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Brick Passes Light Trespass Ordinance to Target ‘Detrimental’ Cases

A photo of 'light trespass' in Brick Township, as displayed by a resident at a township council meeting. (Photo: Daniel Nee)

A photo of ‘light trespass’ in Brick Township, as displayed by a resident at a township council meeting. (Photo: Daniel Nee)

Brick officials unanimously passed an ordinance this week prohibiting so-called “light trespass,” a condition that has proliferated with the advent of cheap and powerful LED lighting systems, combined with taller homes being built on lagoons and waterfront areas.

Officials, in passing the ordinance, were quick to point out that the township would not be penalizing residents with typical driveway flood lights or decorative or functional outdoor lighting. But in a limited number of cases around town, residents have had to live with bright lights glaring into their bedrooms every night from neighboring homes – only for the neighbors to double down and increase the onslaught after concerns were expressed. Moreover, the victims had no recourse and remained at the mercy of their neighbors since no light trespass ordinance was on the books.

Such ordinances have become commonplace in local towns in recent years, as large, tall homes with significant numbers of bright lights have replaced the smaller homes torn down since Superstorm Sandy. Though problems have been seen in many locations, most cases have been in lagoon and waterfront neighborhoods. Some residents came to this week’s meeting of the township council to urge passage of the ordinance, explaining how they haven’t been able to sleep or use their outdoor patios due to bright lights shining on them on a constant basis.


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A photo of 'light trespass' in Brick Township, as displayed by a resident at a township council meeting. (Photo: Daniel Nee)

A photo of ‘light trespass’ in Brick Township, as displayed by a resident at a township council meeting. (Photo: Daniel Nee)

“Nobody has a right to bully or intimidate their neighbors, and that is what’s happening right now,” said one resident, whose name Shorebeat has withheld, telling council members that the offending neighbors have been uncooperative to the point of intentionally expanding their outdoor light display. “These people just want to put up bigger and bigger lights.”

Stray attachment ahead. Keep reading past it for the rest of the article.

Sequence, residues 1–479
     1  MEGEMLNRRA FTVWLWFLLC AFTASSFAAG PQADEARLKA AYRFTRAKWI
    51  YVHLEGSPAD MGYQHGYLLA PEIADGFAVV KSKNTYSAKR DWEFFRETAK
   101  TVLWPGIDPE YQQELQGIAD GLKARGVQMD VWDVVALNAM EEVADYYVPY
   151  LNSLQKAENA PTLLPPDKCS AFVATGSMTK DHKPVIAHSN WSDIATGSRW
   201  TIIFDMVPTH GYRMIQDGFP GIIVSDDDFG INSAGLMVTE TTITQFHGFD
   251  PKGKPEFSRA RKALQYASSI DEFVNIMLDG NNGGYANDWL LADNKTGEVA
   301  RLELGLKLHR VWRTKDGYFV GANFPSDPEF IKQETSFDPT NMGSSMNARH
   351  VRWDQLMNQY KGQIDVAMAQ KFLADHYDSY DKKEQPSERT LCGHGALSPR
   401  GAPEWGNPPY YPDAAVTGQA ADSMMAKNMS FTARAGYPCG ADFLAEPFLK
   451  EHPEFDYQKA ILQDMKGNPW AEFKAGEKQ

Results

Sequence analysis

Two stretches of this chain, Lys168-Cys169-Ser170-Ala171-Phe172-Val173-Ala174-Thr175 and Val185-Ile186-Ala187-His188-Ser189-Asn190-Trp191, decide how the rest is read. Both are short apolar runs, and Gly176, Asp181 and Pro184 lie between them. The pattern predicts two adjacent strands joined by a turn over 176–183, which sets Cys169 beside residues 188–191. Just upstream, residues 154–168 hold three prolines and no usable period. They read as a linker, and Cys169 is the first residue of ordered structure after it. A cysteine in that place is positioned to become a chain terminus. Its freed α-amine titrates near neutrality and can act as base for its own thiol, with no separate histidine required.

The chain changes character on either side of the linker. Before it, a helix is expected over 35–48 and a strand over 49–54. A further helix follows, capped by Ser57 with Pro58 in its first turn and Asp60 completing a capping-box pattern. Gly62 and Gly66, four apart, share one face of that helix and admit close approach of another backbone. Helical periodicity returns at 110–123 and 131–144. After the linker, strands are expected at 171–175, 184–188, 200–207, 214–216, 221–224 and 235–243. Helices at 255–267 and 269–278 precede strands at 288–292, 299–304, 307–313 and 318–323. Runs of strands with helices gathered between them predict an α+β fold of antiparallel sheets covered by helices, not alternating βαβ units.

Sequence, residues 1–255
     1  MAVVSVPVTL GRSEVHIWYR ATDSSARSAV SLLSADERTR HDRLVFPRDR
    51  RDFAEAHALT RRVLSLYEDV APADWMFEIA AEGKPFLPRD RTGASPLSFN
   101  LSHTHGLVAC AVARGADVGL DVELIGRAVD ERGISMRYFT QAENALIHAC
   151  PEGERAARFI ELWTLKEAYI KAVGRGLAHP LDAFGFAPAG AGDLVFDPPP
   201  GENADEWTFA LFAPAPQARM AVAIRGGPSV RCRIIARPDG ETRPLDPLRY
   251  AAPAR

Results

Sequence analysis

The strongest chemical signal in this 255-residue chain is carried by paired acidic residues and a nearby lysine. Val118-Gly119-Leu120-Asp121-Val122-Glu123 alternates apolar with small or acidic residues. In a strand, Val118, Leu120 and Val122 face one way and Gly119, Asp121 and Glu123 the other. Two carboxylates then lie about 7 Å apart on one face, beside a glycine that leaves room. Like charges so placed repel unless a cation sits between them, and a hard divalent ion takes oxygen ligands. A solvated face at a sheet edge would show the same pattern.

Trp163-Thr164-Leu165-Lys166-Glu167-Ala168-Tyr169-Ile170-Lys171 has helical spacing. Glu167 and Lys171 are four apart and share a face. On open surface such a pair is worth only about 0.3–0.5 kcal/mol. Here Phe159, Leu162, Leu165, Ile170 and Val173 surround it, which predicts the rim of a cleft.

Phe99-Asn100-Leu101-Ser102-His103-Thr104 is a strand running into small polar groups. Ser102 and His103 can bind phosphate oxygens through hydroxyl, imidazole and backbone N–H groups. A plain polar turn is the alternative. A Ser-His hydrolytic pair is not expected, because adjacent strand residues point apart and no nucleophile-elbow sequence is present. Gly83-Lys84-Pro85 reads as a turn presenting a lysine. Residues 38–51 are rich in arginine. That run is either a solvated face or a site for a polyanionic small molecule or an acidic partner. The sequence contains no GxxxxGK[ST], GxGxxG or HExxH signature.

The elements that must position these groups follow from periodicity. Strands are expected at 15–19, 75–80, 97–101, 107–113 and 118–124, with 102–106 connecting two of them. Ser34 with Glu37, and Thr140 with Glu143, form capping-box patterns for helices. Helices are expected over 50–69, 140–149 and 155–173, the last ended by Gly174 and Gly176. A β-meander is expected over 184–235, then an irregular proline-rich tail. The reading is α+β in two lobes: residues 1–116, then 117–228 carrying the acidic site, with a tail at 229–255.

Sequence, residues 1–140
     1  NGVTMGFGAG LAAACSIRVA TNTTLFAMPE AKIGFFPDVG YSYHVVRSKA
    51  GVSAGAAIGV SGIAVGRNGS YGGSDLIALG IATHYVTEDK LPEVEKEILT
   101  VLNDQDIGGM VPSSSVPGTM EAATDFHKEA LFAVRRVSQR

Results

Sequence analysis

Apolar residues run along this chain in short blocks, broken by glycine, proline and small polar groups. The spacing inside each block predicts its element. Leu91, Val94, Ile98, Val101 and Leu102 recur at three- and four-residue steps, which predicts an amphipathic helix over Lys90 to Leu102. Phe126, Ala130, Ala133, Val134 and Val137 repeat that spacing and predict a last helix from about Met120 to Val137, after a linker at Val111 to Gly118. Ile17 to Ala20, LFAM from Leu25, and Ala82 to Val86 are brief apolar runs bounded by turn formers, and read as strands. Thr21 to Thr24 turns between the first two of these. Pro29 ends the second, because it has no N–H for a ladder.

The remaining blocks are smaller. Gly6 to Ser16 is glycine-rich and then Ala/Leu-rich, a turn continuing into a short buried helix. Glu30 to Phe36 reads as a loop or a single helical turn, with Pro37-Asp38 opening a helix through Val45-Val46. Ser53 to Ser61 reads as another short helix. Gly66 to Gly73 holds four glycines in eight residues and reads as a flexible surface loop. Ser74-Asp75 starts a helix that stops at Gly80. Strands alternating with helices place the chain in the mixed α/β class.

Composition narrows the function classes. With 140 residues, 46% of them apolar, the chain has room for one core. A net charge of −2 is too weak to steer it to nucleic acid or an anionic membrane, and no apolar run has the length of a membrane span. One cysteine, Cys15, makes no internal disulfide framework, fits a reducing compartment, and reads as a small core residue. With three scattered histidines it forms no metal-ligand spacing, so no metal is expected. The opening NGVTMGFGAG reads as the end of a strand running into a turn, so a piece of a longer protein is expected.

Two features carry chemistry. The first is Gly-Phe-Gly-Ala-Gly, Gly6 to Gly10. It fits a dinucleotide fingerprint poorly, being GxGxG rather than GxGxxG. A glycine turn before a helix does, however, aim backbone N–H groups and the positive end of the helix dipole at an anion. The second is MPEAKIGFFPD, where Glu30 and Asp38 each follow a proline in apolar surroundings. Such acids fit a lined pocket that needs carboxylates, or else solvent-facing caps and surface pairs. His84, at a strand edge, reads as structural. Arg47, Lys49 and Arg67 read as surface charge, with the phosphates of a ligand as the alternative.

“I look forward to regaining the enjoyment of my home,” said another resident, showing photographs of brightly-lit streaks glaring across her street.

Charlie Bacon, another resident, said he did not necessarily oppose the ordinance in whole, but asked whether current lighting could be grandfathered-in by the ordinance.

“There are a bunch of streets in Brick right now that are completely dark, without street lights,” he said. “There are some things I question about unknowns.”

The residents, however, said grandfathering-in lights that are already in violation of the proposed ordinance would largely negate its utility.

“This [can’t] be grandfathered, because we’re suffering now,” one replied.

According to the ordinance, placing or maintaining outdoor lighting that “provides a continuous, concentrated beam of light extending beyond any property lines” will be prohibited. The ordinance specifically exempts spotlights and garage door lights that are controlled by a motion detector, so long as the light turns off within 10 minutes after activation.

The ordinance also bans placing or maintaining spotlights or other types of artificial lighting “extending beyond the vertical plain of the face of any building or structure that causes a continuous beam of light to be reflected upon any adjoining property or public street.” Likewise, motion detector lighting is exempted.

Officials said police and code enforcement officers will not be patrolling in search of lighting violations, but the ordinance can be employed in extreme cases, such as those described by the residents at the meeting.

“This ordinance is very, very clear as to what is permitted,” said Councilwoman Marianna Pontoriero. “What is not permitted is trespass by a light source onto or in a neighbor’s property. We don’t need to worry about inconsistencies in the ordinance because this ordinance is held by various towns with similar issues.”

Pontoriero said she personally was contacted by “twelve to fifteen” residents since the ordinance was introduced earlier this month expressing support.

“I think this is a wide issue,” she said.

“We’re not in business of interfering with people’s personal lives in their homes,” Councilwoman Lisa Crate added. “We do, though, have a responsibility. It’s not about people who have porch lights or driveway lights – this is about lights that are detrimental to people’s daily lives.”


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